CCNA Routing & Switching

I would arguably say that Keith is the best CCNA instructor in the nation. The interaction in this class is key. Listening to a lesson doesn’t ensure comprehension, so Keith offered periodic quizzes; not only did this make the course increasingly interactive but also verified your understanding of the technologies discussed.

I very much look forward to going to the CCNP bootcamps. Thank you again Keith and staff for making my learning experience a great one!
Thomas Osborne – CCNA


The instructor Keith is very knowledgeable, patient, and polite. He covered everything possible with the amount of time we had. I also like the format of having to take routing and switching separately.  
Sirak Zewdie – CCNA


Keith is a very detailed instructor and kept the class engaged throughout the week.  He goes through material in the workbooks, but he also makes sure you have a real world understanding by either showing us through examples on the hardware or drawing it out.  He makes sure there is an understanding before moving forward.    

CCNP Routing & Switching

Keith is a very good mentor. This was my first time attending an in class session and it was a great, informative experience for me. Keith is one gem of an instructor. He was kind, patient and very informative all through the course. The way he explains concepts with his hand gestures and whiteboard diagrams helped me understand them with ease. The lab sessions were the best. I personally loved the way the course was structured and would definitely recommend it for students who are planning to take it. Overall it was more than a lifetime experience for the money I paid.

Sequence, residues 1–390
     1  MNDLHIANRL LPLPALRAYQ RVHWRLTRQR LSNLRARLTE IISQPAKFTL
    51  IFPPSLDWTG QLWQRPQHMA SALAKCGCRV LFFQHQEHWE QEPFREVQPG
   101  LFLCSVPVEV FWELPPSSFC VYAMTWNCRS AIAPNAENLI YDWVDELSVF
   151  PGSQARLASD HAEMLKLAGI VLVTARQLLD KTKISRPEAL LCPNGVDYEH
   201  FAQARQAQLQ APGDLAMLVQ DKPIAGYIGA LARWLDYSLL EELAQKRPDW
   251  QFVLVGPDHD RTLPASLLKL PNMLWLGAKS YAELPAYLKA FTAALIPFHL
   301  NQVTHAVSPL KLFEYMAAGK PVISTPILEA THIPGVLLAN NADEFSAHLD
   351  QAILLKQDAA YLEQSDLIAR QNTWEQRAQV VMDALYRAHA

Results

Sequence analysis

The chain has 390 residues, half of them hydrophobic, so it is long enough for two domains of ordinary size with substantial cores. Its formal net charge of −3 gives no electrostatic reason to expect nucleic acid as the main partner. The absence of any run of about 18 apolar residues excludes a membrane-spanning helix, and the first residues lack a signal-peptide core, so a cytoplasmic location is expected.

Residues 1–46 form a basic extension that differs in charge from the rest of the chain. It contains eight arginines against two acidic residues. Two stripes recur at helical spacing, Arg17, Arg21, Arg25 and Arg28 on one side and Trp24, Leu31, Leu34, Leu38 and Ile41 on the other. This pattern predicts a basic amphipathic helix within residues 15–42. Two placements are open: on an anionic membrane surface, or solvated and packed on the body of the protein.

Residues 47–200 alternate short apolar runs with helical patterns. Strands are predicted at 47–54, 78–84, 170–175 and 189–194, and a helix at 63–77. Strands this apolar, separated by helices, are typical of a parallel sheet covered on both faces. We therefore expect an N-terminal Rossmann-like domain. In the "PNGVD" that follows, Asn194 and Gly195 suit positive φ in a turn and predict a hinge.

Satish Devan

Keith was an amazing instructor. Luckily my class had so few people that he knew us by first name. Keith was knowledgeable in every aspect of the CCNP R&S track. You could even throw “scenarios” at him and he would work out the problem in his head. Then he would show you how the logic of the protocols would behave. Keith was able to go very in depth on the routing protocols and that really helped me feel more comfortable with large networks!  
Victor Halili ~ CCNA 2x & CCNP

CCIE Routing & Switching Written